last night, my dad came over and was talking with me and my brother. the conversation quickly turned to my dad’s new truck, and stuff he saw at the hardware store, and the two of them got to talking about all kinds of mechanical-speak, so much stuff that I genuinely don’t know what to rattle off without repeating the same thing twice. It’s all about ten feet over my head, to be quite honest.
My dad’s really good at stuff like that. He’s been an electrician for a big chunk of his life, knows a ton about cars, knows a ton about building things, knows a ton about fixing things. My brother is largely the same way – if there’s anything even remotely broken, he wants to try and fix it. It’s taken me years (as the youngest sibling, slightly mistrusting of my older ones) to realize that he’s not doing it to get a leg up on me – but because he (and my dad) are just genuinely interested in fixing things. They get a kick out of seeing an end result. I’ve never had a mind for that sort of thing. I’m usually the type to let things be mildly broken (see: my car; which I guess is technically quite broken) and see how far I can get and then spend a little more money than probably necessary to get a new one, or just live with it for a while (see: my current financial plan.)
To be honest, I’ve fought myself for a really long time about my mechanically-uninclined mind. I feel bad because my dad is so into that sort of stuff, and he’s really kind and just wants to teach me…it’s just that my mind doesn’t really cling on to that sort of information. (I mean…my mind doesn’t really cling on a much information at all, it kind of washes in and out.)
What I’m realizing, though, is that everyone has a brain that works differently, that has a different trigger, that has a different focus. It’s part natural wiring, part down to our interests, and part down to our experiences. I’m sitting in a coffee shop, and I’m looking around and I see a billion things that a billion people could think about differently:
-The photos on the wall: one person wonders, “where was that taken?” another, “what kind of lens did they use?” another, “how did they choose to lay them out in that sequence?” another, “I bet they had to do [insert photography tactic here] to get [insert photography term here.]” another, “wow, that’s so beautiful!”
-The menu: one person wonders, “I wonder why they decided on that font.” another, “what’s an espresso tonic?” another, “I wonder where they got that board?” another, “I wonder how much their coffee must cost to have to charge that price…or what’s their margin on that?” Another, “coffee!”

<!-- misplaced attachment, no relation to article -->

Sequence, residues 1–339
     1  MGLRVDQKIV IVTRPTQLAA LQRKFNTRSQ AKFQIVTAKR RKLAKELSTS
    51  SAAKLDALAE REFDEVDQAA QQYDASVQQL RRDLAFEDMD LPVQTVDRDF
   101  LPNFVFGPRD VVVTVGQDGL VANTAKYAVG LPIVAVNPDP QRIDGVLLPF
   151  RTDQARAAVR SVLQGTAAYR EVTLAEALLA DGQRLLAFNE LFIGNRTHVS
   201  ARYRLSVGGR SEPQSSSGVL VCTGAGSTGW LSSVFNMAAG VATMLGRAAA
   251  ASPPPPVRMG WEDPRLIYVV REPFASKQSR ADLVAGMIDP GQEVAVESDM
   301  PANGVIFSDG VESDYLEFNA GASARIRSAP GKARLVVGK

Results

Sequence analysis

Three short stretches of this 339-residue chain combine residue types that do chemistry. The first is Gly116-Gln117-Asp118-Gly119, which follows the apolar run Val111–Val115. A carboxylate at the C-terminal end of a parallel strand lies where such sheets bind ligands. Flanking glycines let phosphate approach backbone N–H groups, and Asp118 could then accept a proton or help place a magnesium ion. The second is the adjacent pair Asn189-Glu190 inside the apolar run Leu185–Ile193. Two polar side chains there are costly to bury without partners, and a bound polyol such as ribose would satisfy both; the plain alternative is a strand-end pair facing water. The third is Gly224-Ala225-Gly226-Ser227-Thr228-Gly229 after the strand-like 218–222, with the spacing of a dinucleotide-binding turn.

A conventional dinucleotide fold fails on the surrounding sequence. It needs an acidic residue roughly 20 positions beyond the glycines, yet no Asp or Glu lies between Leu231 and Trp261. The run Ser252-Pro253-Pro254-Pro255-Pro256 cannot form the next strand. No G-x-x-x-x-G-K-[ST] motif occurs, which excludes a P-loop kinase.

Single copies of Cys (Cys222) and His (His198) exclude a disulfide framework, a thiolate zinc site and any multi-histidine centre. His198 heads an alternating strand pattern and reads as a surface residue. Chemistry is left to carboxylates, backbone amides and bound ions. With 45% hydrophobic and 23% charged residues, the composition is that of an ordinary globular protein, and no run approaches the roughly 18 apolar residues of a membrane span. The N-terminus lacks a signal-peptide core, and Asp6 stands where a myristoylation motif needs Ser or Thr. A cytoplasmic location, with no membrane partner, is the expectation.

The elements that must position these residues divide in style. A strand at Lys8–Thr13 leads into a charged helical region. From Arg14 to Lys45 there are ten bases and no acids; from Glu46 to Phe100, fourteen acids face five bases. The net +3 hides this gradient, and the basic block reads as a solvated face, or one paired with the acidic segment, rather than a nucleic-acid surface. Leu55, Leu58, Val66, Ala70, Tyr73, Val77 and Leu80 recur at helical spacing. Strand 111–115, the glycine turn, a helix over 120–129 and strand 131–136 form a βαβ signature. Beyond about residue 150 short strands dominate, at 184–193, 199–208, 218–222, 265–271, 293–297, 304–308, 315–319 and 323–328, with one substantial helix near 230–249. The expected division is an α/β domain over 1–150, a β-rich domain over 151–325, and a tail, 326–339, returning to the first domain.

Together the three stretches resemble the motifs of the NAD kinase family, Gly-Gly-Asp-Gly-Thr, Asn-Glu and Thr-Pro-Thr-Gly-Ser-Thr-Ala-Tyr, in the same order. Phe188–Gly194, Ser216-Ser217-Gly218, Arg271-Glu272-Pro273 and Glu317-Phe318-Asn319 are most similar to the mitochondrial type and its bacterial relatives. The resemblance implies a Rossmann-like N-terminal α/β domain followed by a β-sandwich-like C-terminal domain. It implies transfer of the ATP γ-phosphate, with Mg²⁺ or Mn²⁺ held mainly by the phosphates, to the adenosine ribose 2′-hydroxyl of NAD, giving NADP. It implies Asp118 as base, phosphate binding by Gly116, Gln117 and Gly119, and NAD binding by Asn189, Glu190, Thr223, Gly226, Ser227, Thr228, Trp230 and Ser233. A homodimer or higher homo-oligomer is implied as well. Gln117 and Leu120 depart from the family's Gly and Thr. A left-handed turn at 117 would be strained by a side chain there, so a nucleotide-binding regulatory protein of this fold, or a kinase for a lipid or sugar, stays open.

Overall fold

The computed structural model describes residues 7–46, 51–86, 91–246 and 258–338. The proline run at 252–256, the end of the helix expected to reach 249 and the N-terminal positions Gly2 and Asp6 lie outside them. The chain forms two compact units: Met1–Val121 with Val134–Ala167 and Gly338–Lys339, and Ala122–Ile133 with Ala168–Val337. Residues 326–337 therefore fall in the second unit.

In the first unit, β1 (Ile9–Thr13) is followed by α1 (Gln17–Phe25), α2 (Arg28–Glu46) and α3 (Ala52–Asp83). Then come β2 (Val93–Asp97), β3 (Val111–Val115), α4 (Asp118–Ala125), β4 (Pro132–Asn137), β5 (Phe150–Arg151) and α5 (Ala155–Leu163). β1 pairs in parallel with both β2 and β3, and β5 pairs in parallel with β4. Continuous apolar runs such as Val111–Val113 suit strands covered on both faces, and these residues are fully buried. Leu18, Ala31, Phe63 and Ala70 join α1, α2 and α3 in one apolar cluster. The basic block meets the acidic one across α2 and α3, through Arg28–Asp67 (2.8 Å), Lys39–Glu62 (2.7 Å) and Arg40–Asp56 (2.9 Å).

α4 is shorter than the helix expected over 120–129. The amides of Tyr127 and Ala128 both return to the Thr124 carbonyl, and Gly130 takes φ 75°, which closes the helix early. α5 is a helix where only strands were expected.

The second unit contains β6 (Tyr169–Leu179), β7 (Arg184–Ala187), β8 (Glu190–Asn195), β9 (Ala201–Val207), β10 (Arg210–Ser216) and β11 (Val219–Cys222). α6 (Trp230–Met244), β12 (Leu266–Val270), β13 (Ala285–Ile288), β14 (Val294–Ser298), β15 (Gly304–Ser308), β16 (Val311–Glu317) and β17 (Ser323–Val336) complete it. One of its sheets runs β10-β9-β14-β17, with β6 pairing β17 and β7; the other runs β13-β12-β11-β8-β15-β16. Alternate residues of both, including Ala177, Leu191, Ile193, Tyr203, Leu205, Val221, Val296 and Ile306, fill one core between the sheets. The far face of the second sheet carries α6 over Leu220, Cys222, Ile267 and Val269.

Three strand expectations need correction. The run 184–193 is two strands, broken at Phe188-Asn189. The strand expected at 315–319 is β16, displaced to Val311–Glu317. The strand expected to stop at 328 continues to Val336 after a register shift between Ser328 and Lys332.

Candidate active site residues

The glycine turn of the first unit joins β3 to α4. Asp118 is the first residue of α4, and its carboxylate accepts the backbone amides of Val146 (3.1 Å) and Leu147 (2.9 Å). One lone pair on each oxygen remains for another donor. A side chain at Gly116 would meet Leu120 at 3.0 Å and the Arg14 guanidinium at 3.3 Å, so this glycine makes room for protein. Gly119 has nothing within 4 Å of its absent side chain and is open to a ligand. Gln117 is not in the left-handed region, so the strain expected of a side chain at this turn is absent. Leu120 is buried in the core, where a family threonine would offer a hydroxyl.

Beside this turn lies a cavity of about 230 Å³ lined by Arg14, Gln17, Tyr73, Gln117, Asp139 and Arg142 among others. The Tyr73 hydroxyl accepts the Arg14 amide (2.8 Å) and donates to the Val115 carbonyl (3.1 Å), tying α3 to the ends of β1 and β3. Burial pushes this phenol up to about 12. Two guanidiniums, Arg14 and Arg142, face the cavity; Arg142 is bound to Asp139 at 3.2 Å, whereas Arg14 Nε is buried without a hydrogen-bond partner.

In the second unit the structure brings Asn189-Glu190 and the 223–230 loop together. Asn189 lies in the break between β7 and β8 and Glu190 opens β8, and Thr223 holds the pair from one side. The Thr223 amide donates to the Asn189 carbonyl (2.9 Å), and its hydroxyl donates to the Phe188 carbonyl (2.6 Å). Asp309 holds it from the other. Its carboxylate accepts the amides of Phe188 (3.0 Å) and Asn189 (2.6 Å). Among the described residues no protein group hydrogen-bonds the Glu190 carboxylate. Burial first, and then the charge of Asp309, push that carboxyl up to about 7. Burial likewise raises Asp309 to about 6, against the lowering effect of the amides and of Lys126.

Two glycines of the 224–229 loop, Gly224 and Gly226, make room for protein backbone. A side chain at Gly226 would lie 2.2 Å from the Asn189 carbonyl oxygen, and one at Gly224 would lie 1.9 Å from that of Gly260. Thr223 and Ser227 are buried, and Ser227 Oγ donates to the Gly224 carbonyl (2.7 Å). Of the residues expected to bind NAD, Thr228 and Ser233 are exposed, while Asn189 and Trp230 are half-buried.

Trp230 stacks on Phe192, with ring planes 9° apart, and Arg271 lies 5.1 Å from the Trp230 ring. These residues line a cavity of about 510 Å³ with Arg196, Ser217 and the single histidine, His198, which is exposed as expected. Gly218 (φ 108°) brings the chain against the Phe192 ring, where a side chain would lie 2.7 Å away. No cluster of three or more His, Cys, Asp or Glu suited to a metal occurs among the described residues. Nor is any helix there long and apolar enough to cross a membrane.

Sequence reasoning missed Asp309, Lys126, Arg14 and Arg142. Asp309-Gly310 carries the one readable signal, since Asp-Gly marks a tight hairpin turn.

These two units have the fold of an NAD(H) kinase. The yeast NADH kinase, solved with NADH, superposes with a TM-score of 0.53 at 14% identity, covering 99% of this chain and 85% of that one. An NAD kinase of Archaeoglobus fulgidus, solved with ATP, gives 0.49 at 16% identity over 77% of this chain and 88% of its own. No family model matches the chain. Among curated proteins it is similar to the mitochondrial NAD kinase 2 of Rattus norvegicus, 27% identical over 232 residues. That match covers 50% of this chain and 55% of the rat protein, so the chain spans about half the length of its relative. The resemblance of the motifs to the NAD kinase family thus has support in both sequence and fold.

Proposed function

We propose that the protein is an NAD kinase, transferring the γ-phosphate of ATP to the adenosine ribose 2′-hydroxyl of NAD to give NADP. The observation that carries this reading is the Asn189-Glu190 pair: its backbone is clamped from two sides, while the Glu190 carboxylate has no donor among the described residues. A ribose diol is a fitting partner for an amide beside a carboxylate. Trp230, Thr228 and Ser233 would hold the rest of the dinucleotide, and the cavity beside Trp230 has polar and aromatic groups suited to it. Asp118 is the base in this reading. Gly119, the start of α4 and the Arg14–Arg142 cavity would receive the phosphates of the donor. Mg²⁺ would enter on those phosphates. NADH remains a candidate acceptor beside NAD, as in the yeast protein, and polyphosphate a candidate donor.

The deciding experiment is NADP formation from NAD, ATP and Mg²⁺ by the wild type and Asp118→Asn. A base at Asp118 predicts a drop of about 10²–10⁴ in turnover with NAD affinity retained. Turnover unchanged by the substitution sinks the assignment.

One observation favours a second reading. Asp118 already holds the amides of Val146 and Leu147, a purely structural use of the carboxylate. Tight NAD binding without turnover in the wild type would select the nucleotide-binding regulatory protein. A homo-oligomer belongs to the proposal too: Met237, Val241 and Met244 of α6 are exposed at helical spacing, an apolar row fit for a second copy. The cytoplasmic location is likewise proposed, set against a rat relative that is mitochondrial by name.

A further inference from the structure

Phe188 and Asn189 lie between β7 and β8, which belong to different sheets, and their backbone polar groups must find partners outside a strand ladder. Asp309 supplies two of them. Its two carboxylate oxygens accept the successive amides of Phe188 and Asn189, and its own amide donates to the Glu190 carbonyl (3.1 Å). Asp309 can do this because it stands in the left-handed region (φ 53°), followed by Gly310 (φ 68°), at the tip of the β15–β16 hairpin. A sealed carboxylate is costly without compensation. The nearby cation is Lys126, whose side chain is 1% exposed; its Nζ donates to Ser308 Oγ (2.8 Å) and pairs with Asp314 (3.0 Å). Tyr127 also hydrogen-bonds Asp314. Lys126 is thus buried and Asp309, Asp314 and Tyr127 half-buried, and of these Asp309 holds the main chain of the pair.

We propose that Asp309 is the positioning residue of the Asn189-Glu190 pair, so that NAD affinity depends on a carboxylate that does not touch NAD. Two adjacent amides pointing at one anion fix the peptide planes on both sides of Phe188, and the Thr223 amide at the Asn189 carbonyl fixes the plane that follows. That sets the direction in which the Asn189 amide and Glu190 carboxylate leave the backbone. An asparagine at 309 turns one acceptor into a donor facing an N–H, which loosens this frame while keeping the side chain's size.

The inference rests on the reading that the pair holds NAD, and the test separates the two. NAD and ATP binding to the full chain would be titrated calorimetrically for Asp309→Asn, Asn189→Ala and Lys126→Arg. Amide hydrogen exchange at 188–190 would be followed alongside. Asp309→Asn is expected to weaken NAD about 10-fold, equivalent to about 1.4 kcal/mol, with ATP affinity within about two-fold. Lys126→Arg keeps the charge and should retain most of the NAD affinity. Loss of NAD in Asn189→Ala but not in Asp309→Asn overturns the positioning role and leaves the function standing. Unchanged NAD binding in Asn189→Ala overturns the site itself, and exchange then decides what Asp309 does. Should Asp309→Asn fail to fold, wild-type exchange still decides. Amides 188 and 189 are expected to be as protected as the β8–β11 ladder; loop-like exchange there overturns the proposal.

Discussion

-The tables: “what kind of wood is that?” “This must have been difficult to craft. I wonder how long it took.” “That’s a really neat finish.” “These are kind of wobbly.”
Seriously, think about it…there are so many things to think about: how they set up the nitro cold brew; where the coffee comes from; what that guy over there is reading; what that couple is talking about; what’s that I smell baking?; who made the handlettering on the sandwich board?; how they rigged up the lighting; what this building is zoned; where they got those sweet jars for their tea; what the workflow must be like; how they treat their customers; on and on. And this is just in a coffee shop.
There are so many things people can be tuned into in other contexts…the beauty is how differently we all think. Mechanics think differently than writers who think differently than politicians who think differently than accountants who think differently than chefs who think differently than musicians who think differently than lawyers, etc. etc. and so on. What makes this so wonderful is that we all need each other – to put it in Myers-Briggs terms, Es need Is (and vice versa,) Ss need Ns (and vice versa,) Ts need Fs (and vice versa,) and Js need Ps (and vice versa.)
If we were all meant to be entirely self-sufficient, then we would be, and we’d never need families, we’d never need friends, we’d never need communities, we’d never need anything. The things that happened in our own heads would suffice for books, movies, music, and art; the skills we possessed would be responsible for our housing, transportation, and financial management; the philosophies we held would constitute our self-governance, our security and self-defense, and our theology.
but we aren’t. So we need each other. I, a writer and people-person, a reader and musician, definitely need people who think like I do (they make my heart sing and make me feel understood and accompanied,) but I also need people who think more concretely, because unlike Alexander Hamilton, I cannot write my way out of anything/everything. I can’t write myself a new car. I can’t sing money into existence to pay off debt. I can’t sit around and think and build myself a place to live.
The question is not whether or not we are able to take care of ourselves by ourselves, but how we use (or how we let God use) our constitution, our skill sets, interests, etc to help others. Never ask, “am I accepted the way I am?” the answer is an indisputable, undeniable, unchangeable, “yes.” The question is, “how do I, with my habits and hangups, interests and abilities, make the world a more whole, complete, healed place?” Whatever the answer to that question is – that’s what you are to do.